Moving on, I really liked the fuel filler location on the floor. It's an ideal location for touring, particularly when you are carrying gear on the passenger seat. It means you can fill up without unloading the bike. It's a much better setup than the Vespa where the access to the fuel tank is hidden under the seat.
It would be difficult to find more storage on a stock motorbike. The continuous and quite cavernous storage compartment running the length of the seat and extending to the bike's tail that can also be accessed through the separate trunk lid is extremely convenient. There is room for a three quarter helmet under the seat, and possibly a full face helmet. But not if you have a Sena SMH10 headset attached to the helmet.
Adding a topcase and sidecases would make the MP3 a really fine touring bike, but only if you were able to address some of its shortcomings that I'll get to in a bit.  Fehling makes side case brackets for the MP3.
The ignition key has a car-like fob with a button that releases the seat lock. That's also a nice convenience when you are getting ready to ride the bike and you need to retrieve gear from the underseat compartment.

The ability to park the bike the way you would park a car, by engaging the front suspension lock and parking brake is also quite convenient, making a sidestand unnecessary and also minimizing the need to use the center stand.
On the power train side, the MP3's CVT transmission provided the same smooth range of torque I've grown accustomed to with the Vespa GTS. The 250cc engine performed well, but I
did occasionally find I had the throttle twisted wide open and was wishing for more oomph. Still, the MP3 250 is a competent highway bike. I think the 400cc model must be pretty sweet. The top of the line 500 must be a beast.

On the minus side of the equation, the bike has shortcomings that I'd have to find workarounds for if I were ever to own one.

Ergonomics tops my list. I have to admit I am spoiled by Vespas. Vespas are really comfortable, whether you're just riding around town or riding across a continent. The Vespa saddle is comfortable, the seating position is excellent, and you can move your feet around, changing up your position to ward off monkey butt syndrome.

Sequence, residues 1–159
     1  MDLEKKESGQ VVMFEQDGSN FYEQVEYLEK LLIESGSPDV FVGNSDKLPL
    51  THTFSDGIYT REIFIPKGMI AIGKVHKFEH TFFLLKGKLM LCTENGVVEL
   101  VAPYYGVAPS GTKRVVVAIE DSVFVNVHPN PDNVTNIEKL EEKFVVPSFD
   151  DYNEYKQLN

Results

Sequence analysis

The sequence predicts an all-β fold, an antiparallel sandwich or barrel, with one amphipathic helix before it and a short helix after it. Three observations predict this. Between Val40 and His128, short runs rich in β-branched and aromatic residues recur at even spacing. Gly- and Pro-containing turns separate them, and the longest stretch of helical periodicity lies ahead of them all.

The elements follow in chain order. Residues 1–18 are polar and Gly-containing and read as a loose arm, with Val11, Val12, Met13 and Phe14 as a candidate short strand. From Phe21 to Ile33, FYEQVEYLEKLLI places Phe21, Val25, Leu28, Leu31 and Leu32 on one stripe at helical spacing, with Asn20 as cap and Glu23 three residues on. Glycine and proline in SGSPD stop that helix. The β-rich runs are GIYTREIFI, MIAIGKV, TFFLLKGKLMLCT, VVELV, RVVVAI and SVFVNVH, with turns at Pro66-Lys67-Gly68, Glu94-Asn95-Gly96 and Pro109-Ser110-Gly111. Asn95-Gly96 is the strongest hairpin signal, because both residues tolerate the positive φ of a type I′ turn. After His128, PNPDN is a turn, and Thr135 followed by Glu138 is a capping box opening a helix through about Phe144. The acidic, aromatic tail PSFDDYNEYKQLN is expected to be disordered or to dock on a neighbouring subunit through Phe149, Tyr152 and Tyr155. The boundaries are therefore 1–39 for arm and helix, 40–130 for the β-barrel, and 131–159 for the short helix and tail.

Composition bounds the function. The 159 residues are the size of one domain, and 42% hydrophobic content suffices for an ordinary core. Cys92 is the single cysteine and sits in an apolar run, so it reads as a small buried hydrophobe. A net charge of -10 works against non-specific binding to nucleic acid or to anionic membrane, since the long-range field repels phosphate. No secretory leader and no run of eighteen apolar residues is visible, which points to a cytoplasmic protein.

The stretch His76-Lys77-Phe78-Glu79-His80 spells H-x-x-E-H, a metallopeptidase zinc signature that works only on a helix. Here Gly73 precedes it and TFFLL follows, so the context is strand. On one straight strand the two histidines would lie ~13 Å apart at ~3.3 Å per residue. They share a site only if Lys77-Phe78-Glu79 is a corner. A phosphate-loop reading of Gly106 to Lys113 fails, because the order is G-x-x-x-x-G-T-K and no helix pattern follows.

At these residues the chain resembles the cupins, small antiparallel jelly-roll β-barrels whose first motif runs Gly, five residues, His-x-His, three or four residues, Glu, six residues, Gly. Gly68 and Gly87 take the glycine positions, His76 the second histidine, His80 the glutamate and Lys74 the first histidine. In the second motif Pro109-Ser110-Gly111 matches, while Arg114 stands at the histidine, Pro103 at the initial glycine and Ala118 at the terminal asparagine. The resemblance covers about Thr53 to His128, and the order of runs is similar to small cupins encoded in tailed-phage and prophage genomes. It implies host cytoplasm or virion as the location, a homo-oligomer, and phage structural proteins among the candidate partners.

The MP3 on the other hand has a bolster that divides the driver's portion of the saddle from the passenger portion. In my case it meant I couldn't shift my bum back on the saddle, and the ridge of the bolster eventually proved to be a literal pain in the you-know-what.
Fortunately there are custom seats on the market, including this one from Shad that the legendary ScooterWest dealership keeps in stock.
If you can't shift your upper body around on the MP3, you find that your feet are more or less corralled into a single position too.  The tubular steel skeletal substructure of the MP3 leads to a high floor height. I felt like my knees were uncomfortably high. Compounding the seating issues was a tendency to slide forward on the saddle that resulted in a lazy slumped position that compounded the lack of comfort.

All told, the seating position was much better than a similarly laid out Kymco Frost I rode a few years back, but I wouldn't tour on an MP3 without having a custom saddle designed. I know that committed MP3 owners have taken that step and there's plenty of expertise available in the MP3 discussion area on ModernVespa. I would add to the custom saddle some after market foot pegs to allow the leg position to be varied.  There's also a supplier who posts on ModernVespa who has crafted highway pegs that many owners swear by.